Innovation & Enterprise


UCL tech startups selected for prestigious business accelerator

2 September 2020

Three UCL startups, Humanloop, Hubble and Synth, are currently taking part in the business accelerator programme Y Combinator (YC).

A person strides through the open plan space at BaseKX

YC focuses on digital companies and has helped launch tech giants including Airbnb, Reddit, Dropbox and Twitch. All three UCL startups are delivering innovative digital solutions.

Using AI to solve business problems

UCL startup Humanloop is making it easier for companies to make use of artificial intelligence (AI) and machine learning to solve business problems. Their approach is unique in that the AI system and a human operator work together collaboratively.

Co-founder and UCL PhD student Raza Habib explains: “In some senses you want AI to be ‘humble’, to be aware of what it doesn’t know, so when it comes up against something it’s not sure about it can refer to a human. Most AI systems can’t do this well, but the ones we’re building can. By querying a human operator it’s able to learn faster but also back off. It never makes any decision in a safety critical or important situation where it’s not confident.”

Humanloop is based on research from UCL’s AI Centre, and was spun-out with assistance from UCL Business (UCLB), the university’s commercialisation company and a part of UCL Innovation & Enterprise.

The team comprises UCL Professors David Barber and Emine Yilmaz with PhD students Raza and Peter Hayes. The team is completed by entrepreneur and scientist Jordan Burgess, who was previously involved with another UCL spinout Bloomsbury AI as well as the Amazon Alexa AI team.

Recently, the company attracted investment from UCL’s Technology Fund (UCLTF), which is managed by AlbionVC in collaboration with UCLB.

Launching entrepreneurial journeys

The two other startups, Hubble and Synth, came out of UCL’s thriving community of student entrepreneurs. Both companies have benefited from support at UCL’s dedicated entrepreneurship hub in King’s Cross. Here, the university’s most promising startups are given free, tailored support and dedicated office space designed to fast-track success to get them ‘investment ready’.

Hubble, co-founded by Hamzah Chaudhary (UCL BA European & Middle Eastern Languages & Linguistics), and Synth, co-founded by Nodar Daneliya (UCL BSc Economics), are both developing innovative data solutions for industry.

Synth is aimed at any organisation or company that deals with large datasets, including those in financial services, accountancy and healthcare. It allows software engineers and developers working in these sectors to design and test new solutions and applications far quicker and without compromising individuals’ privacy and security. It does this by creating a ‘synthetic dataset’, which replicates the overall structure and relationships within the actual data, but without the need to access sensitive information. Synth is now working with a major ‘big four’ accountancy firm on a feasibility study.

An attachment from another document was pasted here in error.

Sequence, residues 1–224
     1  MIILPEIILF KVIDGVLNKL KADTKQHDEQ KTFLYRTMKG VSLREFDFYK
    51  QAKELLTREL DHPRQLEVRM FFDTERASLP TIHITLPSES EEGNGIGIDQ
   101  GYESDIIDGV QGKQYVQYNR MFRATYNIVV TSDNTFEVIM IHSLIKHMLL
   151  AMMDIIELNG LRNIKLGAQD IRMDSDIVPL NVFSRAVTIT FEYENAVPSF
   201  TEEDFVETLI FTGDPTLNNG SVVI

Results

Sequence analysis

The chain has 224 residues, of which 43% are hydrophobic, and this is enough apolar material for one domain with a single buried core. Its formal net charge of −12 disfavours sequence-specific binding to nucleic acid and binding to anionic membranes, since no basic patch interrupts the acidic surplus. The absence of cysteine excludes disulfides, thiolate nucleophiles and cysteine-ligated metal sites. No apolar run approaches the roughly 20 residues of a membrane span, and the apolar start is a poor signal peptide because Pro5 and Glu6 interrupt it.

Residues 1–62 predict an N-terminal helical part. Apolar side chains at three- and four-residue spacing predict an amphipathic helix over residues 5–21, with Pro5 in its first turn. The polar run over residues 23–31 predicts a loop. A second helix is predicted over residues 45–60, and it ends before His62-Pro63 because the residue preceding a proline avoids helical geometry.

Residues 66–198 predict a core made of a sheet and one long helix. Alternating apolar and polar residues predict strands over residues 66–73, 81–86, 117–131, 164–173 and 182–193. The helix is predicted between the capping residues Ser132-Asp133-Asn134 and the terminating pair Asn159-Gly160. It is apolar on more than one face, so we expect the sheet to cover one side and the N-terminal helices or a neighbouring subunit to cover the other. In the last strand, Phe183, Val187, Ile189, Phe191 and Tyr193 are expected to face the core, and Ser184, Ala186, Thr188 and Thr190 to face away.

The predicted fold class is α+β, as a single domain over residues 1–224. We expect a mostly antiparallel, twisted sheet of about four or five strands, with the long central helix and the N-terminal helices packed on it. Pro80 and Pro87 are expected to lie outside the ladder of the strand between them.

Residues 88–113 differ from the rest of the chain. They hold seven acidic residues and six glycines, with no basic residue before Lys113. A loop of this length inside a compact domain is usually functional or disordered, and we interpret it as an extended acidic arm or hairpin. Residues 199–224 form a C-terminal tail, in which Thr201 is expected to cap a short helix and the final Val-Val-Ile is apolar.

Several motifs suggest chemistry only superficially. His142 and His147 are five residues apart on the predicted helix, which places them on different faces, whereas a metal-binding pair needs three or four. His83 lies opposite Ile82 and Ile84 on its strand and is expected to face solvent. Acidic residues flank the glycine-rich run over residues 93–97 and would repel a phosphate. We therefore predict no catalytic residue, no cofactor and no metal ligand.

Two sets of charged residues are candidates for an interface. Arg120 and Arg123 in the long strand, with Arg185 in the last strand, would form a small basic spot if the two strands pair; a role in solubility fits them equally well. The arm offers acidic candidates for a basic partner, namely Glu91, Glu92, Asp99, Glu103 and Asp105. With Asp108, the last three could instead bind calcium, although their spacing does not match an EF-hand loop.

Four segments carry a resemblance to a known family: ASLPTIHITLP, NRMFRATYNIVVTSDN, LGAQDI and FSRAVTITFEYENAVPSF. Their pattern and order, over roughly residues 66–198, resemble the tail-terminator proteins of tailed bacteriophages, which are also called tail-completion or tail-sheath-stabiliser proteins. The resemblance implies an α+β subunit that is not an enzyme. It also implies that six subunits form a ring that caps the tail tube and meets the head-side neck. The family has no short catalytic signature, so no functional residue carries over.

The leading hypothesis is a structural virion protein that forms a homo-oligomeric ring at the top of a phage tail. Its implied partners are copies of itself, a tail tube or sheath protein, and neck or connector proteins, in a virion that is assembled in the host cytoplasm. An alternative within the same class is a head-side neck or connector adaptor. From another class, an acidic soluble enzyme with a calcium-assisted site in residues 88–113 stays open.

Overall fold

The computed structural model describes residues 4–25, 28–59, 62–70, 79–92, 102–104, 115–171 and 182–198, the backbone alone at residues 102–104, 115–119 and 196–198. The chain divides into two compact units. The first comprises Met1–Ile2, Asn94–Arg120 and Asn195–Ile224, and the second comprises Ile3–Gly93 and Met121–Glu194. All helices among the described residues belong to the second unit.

“Developing and testing goes on indefinitely in companies on an ongoing basis, and so developers constantly need to be accessing data and developing new features. With our solution they can do that in a way that is quicker, safer and more compliant,” said Nodar. 

A supportive community

UCL Innovation & Enterprise’s business advisors often have both technical and business backgrounds themselves. Synth and Hubble were both advised by Doug Stidolph, who spent two years at UCL Innovation & Enterprise before going on to focus on his own startup. Doug’s startup Quell has also been selected on the same cohort of YC. Quell is developing a combat-based fitness game, where a physical resistance glove tracks motions and is linked to an immersive software game experience.  

Celia Caulcott, Vice-Provost (Enterprise), said: “There is great opportunity for entrepreneurs to play a crucial role in the economic recovery that will be fundamental for this country as we move forward. Yes, it’s a challenging time for SMEs, but those with a competitive edge, like those chosen through the Y Combinator programme, are on a trajectory to deliver success. UCL’s recognition through this programme displays the diversity of talent coming through our enterprise hub, as we span everything from philosophy to computer science.”


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